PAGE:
When building his new home on the rural outskirts of Christchurch, Myles Laing, managing director of construction company Laing Properties, searched locally for design inspiration. He loved The Tannery, a retail destination inside a converted brick factory. Its style, fusing industrial chic with vintage charm, was suited to the Canterbury climate and construction know-how. So he paired recycled bricks with Hardie™ Oblique™ Cladding – which he’d used on several Laing Properties homes – and went to his designer Nathan Punton of PXA Architects to make the vision a reality.
‘Myles asked us specifically to use Oblique™ Cladding,’ says Nathan. ‘His company had installed it in a series of their prefabricated houses, and Myles liked the way the shiplap boards could be painted dark colours and came in extra-long lengths.’
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The house comprises two gabled pavilions, one for living and one for sleeping, along with a three-car garage arranged to convert one end into a fourth bedroom at a later date if required. As the site is set on former farmland close to the surrounding Port Hills, Myles and his wife Lucinda wanted the feeling of country living for family life, reflected in the classic farm-style gable.
‘We chose to define the separate wings in different claddings for contrast,’ says Nathan. ‘Myles and Lucinda chose brick for the sleeping pavilion and garage, while the living pavilion has Hardie™ Oblique™ Cladding.’
Oblique™ Cladding comes in two widths, 200mm and 300mm, and Nathan combined both in a randomised pattern. The pattern brings depth and character to the long and end elevations, as well as generous proportions and a modern look on account of the boards’ width.
Essential to this visual effect is the way the grooves are cut in the individual boards – one side of the groove is angled whilst the other is vertical, creating a juxtaposition of shadow and highlight. Combined with the two width options, the product allows architects to create patterns and rhythms and an ever-shifting interplay of shadow and light.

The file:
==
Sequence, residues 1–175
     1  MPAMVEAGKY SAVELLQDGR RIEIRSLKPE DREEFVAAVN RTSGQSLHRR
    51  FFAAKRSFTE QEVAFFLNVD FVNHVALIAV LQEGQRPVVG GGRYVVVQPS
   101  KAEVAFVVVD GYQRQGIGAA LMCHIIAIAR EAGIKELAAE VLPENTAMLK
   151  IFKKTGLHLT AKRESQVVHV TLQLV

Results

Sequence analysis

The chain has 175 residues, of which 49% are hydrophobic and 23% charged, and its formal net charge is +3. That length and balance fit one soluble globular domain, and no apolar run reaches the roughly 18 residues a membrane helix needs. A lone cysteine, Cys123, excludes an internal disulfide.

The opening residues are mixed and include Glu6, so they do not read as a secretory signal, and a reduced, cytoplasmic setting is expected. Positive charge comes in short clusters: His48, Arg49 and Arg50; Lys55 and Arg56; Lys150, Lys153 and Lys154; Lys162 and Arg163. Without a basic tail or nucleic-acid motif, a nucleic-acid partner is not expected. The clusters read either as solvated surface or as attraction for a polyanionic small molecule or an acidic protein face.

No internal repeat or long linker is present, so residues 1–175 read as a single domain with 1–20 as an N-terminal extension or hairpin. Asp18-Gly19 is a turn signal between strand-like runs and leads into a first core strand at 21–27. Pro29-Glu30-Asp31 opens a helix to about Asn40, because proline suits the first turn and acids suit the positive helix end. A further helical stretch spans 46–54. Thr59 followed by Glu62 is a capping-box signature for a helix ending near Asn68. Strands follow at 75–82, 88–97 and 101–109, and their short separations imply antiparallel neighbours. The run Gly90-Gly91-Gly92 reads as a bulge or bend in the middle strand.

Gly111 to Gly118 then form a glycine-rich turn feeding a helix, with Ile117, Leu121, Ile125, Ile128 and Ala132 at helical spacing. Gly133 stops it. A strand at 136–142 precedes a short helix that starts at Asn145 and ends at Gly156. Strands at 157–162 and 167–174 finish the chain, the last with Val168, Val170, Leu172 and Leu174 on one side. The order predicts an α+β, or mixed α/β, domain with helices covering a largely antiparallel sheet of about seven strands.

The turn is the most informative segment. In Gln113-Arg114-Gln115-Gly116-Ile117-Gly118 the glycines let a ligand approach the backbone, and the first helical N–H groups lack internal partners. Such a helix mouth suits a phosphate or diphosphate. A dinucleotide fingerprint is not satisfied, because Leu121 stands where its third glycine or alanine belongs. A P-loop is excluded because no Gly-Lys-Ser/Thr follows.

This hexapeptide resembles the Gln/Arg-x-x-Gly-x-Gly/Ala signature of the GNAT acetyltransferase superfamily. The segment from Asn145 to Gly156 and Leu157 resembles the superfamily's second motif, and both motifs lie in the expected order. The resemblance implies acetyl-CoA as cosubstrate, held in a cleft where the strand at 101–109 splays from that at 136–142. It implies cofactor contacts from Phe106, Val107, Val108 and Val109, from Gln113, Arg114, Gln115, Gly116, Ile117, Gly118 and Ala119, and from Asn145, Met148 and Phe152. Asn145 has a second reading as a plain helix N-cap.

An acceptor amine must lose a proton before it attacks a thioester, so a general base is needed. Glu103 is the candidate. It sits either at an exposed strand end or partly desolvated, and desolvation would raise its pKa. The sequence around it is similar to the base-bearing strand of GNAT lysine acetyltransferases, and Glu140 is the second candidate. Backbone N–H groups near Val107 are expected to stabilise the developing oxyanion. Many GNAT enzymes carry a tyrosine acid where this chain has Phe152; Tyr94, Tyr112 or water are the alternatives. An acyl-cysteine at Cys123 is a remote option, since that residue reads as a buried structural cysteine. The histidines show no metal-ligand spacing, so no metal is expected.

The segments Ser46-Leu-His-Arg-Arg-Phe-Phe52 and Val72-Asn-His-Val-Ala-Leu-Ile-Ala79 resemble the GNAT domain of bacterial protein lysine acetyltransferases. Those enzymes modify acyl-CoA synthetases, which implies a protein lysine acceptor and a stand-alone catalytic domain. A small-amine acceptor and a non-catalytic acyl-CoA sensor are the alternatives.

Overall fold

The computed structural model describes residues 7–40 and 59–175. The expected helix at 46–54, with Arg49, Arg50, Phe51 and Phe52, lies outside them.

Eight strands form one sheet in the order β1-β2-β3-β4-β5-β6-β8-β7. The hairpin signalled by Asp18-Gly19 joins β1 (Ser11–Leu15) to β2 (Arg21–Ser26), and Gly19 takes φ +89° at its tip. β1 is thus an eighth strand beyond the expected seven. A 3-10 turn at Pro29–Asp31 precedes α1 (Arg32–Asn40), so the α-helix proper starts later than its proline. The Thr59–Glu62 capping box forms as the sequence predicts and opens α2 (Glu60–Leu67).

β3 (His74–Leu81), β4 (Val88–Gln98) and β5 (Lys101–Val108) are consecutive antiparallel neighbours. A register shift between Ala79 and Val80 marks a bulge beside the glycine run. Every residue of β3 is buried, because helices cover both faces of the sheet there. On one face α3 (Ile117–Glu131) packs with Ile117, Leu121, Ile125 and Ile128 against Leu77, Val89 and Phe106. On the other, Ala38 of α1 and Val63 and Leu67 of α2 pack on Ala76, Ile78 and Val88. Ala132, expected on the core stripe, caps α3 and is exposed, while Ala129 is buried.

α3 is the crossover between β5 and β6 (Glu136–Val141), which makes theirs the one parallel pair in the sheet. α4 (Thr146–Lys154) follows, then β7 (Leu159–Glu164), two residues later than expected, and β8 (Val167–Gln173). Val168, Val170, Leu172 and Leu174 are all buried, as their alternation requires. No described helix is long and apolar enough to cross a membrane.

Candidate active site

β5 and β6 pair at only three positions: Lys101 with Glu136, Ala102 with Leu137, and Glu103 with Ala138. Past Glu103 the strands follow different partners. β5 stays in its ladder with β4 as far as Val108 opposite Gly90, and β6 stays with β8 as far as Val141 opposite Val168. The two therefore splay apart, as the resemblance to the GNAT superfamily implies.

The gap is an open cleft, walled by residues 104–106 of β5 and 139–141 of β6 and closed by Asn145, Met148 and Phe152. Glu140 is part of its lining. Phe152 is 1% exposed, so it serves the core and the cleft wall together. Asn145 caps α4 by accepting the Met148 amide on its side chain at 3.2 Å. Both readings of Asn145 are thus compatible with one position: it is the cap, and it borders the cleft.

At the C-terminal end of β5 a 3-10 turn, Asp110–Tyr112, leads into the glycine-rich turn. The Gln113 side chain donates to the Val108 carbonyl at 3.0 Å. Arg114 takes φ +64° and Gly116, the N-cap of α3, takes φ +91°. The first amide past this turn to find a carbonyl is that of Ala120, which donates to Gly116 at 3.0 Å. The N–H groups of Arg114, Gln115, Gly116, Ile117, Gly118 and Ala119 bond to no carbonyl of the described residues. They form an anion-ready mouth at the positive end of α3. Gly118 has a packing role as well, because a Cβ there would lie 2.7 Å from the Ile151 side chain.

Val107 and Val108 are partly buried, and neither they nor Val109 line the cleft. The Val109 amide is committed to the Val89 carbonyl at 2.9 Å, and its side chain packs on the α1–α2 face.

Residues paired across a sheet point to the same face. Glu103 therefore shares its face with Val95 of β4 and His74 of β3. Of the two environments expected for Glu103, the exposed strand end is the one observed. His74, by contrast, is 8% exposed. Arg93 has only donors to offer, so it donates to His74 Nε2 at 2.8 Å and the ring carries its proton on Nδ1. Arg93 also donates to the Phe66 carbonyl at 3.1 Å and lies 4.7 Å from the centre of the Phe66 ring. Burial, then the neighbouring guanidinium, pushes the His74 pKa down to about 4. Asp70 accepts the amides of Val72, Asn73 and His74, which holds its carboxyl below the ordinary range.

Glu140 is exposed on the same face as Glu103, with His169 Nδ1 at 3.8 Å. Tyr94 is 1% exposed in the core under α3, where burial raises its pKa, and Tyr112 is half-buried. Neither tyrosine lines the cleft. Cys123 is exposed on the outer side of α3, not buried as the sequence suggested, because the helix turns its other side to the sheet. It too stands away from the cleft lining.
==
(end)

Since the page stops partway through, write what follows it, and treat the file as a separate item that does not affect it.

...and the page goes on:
While the two board widths allow for aligning with windows and architectural features, the 4.2-metre board length also provides for a premium finish. ‘We use Oblique™ Cladding a lot of the time due to the board length,’ says Nathan. ‘We don’t need to do a flashing joint – we can just use the full 4.2-metre piece for a full gable end and the 2.7-metre piece for the side elevations.’
Myles and Lucinda chose an earthy black, Resene Element, to paint their Hardie™ Oblique™ Cladding, which is often not possible with timber products. At 14mm thick, the premium fibre cement board not only looks good and provides the home with structural performance, it also contributes to interior comfort and liveability. ’There’s good, robust board density with Oblique,’ says Nathan. ‘As the house is on a main road, we had noise requirements, so the density of the 14mm board helped to achieve the sound transmission rating required by the building code for living spaces.’
To blend their home into the natural environment, the couple have planted trees and plants in contrasting colours that look great against the dark-painted Hardie™ Oblique™ Cladding and vintage bricks. And knowing just how well Oblique™ looks on Myles’s own home, as well as its easy installation, his company recommends it to clients who want a modern vertical profile cladding that is easy to maintain.
On the inside, lofty ceilings, large windows and open-plan living help to create a sense of connection and space. The Laings accentuated the feeling of spaciousness with a crisp palette of white and timber tones. Lucinda says the home feels like ‘being on holiday in Byron Bay and Bali, with a light, beachy theme’.